Oral history interviews with Luisa Klein, Henry Landman, Anita Weisbourd, Mr. Haberman, and Steven Berger
Some video files begin with 10-60 seconds of color bars.
- Steven Berger
Mr. Henry Landman
- Nathan Leight
2 digital files : WAV.
- Credit Line
- United States Holocaust Memorial Museum Collection, Gift of Nathan Leight
Luisa Klein, born in Czechoslovakia, describes life before 1938 and experiencing antisemitism after 1938; the closing of Jewish stores and Jewish children not being allowed in schools; having to wear the yellow star; being forced into the ghetto in Ungvar (Uzhhorod, Ukraine) with her family in 1944; being transported a few weeks later to Auschwitz; arriving in the camp and the selections; conditions in the camp; being transported to Frankfurt, Germany with her mother; working in an airport; being transported to Ravensbruck with her mother; losing her mother; being liberated in May 1945; returning to Czechoslovakia and living with a friend; and immigrating to the United States in 1951.
Henry Landman, born in Augsburg, Germany in 1920, describe attending school; losing all of his non-Jewish friends after 1938; life becoming more difficult for Jews in the late 1930s; being arrested on November 10, 1938 and imprisoned with his father and other Jews; being taken by bus to Dachau; conditions and rules in the camp; being assigned to Block 10; staying in Dachau for six weeks; his father getting him out after signing away his land to the Nazis; going to England; and immigrating to the US.
Anita Weisbourd describes being 15 when she went on a Kindertransports to England; finding her family in Hungary after the war; her journey to England; and joining a group for Kindertransport survivors after the war.
Mr. Haberman, born in Poland in 1925, describes experiencing antisemitism from a young age; his father’s lumber yard and being well-off financially; his family’s attempts to escape to the Russian border and returning home once the bombings began; his three brothers; his father losing his business and wealth; having to wear the Jewish star; doing forced labor; the round ups in 1940; being taken to a camp in Sosnowiec; being transported to a forced labor camp in Autmut, Germany; getting food from local townspeople, with whom he worked; being reunited with his brother in 1941 and sent to Shtaltack then to Markstadt (in Laskowice Olawskie, Poland); remaining with his brother and helping one another; his work building water pipes; going to Philshtiphkin for three years doing hard labor; being sent on a death march in 1944 and the harsh conditions during the march; going to Gross-Rosen then Buchenwald; going to Dachau; his brother getting sick in Dachau; being liberated by Americans during a march; staying in Germany for a while and reuniting with his two other brothers; and the death of his parents in Auschwitz.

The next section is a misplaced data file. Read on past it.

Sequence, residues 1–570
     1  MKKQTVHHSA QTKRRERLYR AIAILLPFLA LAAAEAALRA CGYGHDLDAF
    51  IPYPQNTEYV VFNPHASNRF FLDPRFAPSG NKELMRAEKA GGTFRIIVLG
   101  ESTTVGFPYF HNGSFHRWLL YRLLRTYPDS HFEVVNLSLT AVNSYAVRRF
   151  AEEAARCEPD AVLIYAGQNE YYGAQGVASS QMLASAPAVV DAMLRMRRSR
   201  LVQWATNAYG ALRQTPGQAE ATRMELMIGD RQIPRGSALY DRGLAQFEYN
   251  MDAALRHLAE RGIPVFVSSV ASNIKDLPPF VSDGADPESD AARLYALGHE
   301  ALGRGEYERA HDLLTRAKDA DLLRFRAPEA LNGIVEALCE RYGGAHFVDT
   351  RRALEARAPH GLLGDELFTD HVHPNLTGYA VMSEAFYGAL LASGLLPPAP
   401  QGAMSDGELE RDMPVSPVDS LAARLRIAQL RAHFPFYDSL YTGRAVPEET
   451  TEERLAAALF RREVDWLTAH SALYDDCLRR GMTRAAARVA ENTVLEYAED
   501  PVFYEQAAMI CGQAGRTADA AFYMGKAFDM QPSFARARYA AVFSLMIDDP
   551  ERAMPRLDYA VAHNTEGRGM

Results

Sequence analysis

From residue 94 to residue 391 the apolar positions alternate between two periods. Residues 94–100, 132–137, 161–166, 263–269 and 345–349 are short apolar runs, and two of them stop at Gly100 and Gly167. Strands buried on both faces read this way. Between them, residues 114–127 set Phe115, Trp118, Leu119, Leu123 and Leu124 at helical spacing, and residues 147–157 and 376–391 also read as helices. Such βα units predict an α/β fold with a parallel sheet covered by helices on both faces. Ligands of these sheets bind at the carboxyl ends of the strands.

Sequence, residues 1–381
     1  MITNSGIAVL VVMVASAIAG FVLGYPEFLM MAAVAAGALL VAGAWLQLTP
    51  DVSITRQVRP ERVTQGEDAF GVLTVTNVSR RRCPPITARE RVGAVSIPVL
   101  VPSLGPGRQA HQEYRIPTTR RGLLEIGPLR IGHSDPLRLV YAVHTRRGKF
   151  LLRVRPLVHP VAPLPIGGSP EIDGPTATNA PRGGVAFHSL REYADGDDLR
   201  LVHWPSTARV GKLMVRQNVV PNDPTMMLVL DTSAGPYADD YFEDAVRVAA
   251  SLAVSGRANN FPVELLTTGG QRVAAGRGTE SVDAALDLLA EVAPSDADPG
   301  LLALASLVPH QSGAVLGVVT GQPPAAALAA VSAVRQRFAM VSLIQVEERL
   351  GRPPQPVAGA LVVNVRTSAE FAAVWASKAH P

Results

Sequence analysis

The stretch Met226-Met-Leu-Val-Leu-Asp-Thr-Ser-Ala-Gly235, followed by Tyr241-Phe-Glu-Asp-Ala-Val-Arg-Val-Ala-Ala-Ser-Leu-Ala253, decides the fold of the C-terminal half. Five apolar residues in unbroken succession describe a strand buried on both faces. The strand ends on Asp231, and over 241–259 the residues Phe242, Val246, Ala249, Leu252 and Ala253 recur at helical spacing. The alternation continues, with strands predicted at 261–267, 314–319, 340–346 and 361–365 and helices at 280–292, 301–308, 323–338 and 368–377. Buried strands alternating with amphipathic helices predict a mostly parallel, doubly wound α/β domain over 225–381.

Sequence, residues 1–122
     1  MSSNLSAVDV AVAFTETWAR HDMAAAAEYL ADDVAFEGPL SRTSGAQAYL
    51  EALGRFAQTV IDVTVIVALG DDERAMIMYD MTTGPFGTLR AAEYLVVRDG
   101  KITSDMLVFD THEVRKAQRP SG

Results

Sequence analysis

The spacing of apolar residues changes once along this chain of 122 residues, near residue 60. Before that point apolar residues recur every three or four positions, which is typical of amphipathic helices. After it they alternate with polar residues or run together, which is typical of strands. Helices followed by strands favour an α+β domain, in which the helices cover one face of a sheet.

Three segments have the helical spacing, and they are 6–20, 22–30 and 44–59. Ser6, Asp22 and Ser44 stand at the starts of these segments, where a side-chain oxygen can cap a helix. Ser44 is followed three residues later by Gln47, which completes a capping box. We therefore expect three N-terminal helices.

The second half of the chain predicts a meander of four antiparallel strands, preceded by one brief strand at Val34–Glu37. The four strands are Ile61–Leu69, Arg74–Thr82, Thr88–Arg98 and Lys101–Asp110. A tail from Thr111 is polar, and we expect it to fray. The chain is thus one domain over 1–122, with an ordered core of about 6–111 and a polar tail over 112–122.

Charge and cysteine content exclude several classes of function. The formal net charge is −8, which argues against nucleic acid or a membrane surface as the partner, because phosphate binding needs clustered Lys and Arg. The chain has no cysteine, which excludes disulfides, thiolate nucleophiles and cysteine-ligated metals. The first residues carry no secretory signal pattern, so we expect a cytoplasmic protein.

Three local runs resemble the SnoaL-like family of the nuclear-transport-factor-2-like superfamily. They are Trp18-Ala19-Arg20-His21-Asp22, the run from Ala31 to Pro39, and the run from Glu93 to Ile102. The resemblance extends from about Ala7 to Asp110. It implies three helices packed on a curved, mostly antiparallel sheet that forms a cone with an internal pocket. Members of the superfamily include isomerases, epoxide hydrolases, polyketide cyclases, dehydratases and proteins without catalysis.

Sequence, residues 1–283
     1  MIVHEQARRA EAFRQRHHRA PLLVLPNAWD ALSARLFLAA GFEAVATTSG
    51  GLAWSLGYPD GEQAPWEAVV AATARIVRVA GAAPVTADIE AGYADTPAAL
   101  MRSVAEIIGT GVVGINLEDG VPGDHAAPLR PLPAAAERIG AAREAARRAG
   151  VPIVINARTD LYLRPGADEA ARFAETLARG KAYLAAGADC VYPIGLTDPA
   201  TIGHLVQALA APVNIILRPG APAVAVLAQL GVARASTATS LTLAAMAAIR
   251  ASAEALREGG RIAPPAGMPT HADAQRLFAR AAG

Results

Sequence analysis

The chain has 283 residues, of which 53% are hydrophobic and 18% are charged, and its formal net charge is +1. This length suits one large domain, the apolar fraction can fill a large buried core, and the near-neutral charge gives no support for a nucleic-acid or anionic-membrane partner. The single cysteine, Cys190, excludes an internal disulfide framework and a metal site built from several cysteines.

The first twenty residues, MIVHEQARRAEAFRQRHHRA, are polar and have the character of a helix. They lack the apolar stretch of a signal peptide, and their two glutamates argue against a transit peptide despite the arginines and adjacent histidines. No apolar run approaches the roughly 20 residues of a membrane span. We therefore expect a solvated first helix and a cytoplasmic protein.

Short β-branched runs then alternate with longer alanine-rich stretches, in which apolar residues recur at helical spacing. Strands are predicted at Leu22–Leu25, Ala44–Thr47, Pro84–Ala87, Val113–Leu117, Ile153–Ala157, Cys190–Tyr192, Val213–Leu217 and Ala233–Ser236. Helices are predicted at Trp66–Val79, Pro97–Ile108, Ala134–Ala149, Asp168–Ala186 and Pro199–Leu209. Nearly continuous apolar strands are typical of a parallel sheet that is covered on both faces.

Steve Berger, born in Hungary, describes experiencing antisemitism all his life; the German occupation and being put into a ghetto in 1944 with his family; conditions in the ghetto; getting transported on June 26, 1944 with his mother and sister to the Strasshof concentration camp; his father being taken to a labor camp earlier in 1944; conditions in the camp and remaining with his family; his work in the camp unloading iron and steel; working in a machine factory; roll calls; being liberated by the Russians in 1945; and finding his father after the war.
Record last modified: 2018-01-22 10:38:09
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